Our curriculum design is portrayed in the symbol of the tree of life. This tree reflects our beliefs about the complexity and interactive nature of human learning. The process of learning symbolized by the tree is recursive. The tree is growing in a rich environment that nurtures the unique development and emergence of the professional identity. Each student learns from faculty, each other, our professional scholars, and expert clinicians. Each member of the learning community grows from these interactions and changes the learning environment. Faculty, staff, and students in our learning community engage in these interactions reflectively considering the potential impact on others and the profession.
- The Roots consist of the foundational knowledge students need to become an exemplary practitioner as well as the knowledge they bring with them to the program;
- The trunk symbolizes the learning processes and pedagogies used to facilitate and scaffold knowledge, skills, and professionalism including problem based learning, group work, active-engaged experiences, service-learning, interprofessional experiences, fieldwork supervision, mentoring, and co-curricular activities.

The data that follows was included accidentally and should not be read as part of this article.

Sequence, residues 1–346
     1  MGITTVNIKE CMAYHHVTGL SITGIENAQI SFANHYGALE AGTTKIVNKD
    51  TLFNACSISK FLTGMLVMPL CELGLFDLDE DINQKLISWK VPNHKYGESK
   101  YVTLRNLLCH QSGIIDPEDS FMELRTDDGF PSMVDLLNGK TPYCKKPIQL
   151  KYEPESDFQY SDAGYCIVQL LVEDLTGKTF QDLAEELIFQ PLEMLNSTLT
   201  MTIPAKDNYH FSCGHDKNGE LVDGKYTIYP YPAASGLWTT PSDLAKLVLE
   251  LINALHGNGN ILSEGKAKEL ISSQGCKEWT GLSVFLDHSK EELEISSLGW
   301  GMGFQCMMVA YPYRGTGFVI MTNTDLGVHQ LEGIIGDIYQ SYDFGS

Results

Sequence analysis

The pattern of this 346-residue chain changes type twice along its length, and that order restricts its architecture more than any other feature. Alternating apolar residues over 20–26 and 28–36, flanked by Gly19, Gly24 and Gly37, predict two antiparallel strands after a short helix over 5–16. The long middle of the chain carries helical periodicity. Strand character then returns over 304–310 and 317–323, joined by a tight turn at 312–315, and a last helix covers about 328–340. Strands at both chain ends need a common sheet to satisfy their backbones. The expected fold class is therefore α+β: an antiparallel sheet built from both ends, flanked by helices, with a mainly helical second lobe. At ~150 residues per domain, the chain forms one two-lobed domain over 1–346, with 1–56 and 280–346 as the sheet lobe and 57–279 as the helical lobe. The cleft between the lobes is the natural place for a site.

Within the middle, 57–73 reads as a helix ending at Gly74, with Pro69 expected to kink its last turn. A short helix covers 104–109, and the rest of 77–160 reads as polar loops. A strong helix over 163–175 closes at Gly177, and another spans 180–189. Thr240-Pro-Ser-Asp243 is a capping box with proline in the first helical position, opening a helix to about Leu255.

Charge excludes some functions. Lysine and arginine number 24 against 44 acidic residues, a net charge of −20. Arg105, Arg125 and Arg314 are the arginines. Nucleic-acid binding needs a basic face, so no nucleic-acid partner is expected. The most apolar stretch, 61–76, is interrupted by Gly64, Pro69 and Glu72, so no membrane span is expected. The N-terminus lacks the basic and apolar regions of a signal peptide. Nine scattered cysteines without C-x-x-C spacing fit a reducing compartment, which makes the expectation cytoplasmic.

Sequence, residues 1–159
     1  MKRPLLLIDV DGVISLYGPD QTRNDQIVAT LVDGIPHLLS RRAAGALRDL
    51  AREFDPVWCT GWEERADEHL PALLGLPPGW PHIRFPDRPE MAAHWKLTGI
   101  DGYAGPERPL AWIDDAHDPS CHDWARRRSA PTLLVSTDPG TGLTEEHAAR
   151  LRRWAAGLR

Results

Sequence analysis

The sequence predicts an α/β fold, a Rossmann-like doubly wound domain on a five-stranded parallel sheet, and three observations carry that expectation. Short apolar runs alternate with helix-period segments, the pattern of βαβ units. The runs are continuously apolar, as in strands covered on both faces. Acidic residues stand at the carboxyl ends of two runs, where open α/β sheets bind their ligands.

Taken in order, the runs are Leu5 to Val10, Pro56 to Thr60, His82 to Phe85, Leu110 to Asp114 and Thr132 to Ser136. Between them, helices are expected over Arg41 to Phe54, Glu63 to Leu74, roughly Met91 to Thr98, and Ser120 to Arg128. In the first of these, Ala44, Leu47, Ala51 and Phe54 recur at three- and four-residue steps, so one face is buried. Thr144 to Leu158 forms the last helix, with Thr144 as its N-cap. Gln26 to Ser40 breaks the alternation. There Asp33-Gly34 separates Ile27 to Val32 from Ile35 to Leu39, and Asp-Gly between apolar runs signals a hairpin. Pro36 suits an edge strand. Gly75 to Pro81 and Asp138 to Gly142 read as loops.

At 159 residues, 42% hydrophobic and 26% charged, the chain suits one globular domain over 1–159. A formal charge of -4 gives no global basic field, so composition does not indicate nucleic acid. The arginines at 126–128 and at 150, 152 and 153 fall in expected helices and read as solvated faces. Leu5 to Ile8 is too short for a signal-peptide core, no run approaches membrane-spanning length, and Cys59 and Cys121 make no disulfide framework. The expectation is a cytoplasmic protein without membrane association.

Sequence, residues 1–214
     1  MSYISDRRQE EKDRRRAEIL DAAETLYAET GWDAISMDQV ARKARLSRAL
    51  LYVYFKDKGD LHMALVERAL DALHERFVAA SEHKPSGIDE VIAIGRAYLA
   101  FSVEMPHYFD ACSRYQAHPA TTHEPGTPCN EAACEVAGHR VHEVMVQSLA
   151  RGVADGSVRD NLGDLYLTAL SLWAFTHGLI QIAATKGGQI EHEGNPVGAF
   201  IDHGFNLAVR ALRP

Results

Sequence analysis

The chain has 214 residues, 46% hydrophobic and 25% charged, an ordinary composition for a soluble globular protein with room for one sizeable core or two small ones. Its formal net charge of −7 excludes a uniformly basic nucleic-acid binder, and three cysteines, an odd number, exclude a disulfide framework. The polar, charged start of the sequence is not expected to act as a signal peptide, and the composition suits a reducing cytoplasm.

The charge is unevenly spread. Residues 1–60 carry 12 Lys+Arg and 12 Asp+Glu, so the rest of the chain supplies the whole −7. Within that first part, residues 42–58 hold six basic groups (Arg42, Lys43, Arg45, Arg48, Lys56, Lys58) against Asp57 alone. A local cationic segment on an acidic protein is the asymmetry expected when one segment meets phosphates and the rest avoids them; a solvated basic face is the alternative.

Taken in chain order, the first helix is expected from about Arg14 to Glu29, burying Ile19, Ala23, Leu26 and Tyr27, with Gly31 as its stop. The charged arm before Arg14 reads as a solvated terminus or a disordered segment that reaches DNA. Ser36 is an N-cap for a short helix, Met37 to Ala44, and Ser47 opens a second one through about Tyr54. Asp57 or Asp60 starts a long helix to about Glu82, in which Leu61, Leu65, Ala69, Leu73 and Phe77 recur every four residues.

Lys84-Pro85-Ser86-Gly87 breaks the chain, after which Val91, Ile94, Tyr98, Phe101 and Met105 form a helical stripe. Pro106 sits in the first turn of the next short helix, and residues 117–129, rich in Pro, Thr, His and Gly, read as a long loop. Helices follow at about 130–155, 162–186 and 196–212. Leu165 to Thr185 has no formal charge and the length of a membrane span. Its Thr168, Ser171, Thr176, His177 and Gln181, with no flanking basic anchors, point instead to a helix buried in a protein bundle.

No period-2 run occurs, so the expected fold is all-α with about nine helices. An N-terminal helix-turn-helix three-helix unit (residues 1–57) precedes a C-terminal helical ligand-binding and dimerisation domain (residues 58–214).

- The tree branches express our three curricular themes of occupational therapy assessment and intervention, therapeutic and professional relationships, and evidence-based practice and professional identity. Courses within each theme prepare students in the knowledge, skills, professional behaviors and values they need for entry-level practice.
- The leaves symbolize the Program’s PRIDE Student Learning Outcomes which cycle back to the roots, demonstrating the continual integration of new information with prior knowledge through a process of life-long learning to nurture the occupational therapist’s continued professional development
The Curricular Sequence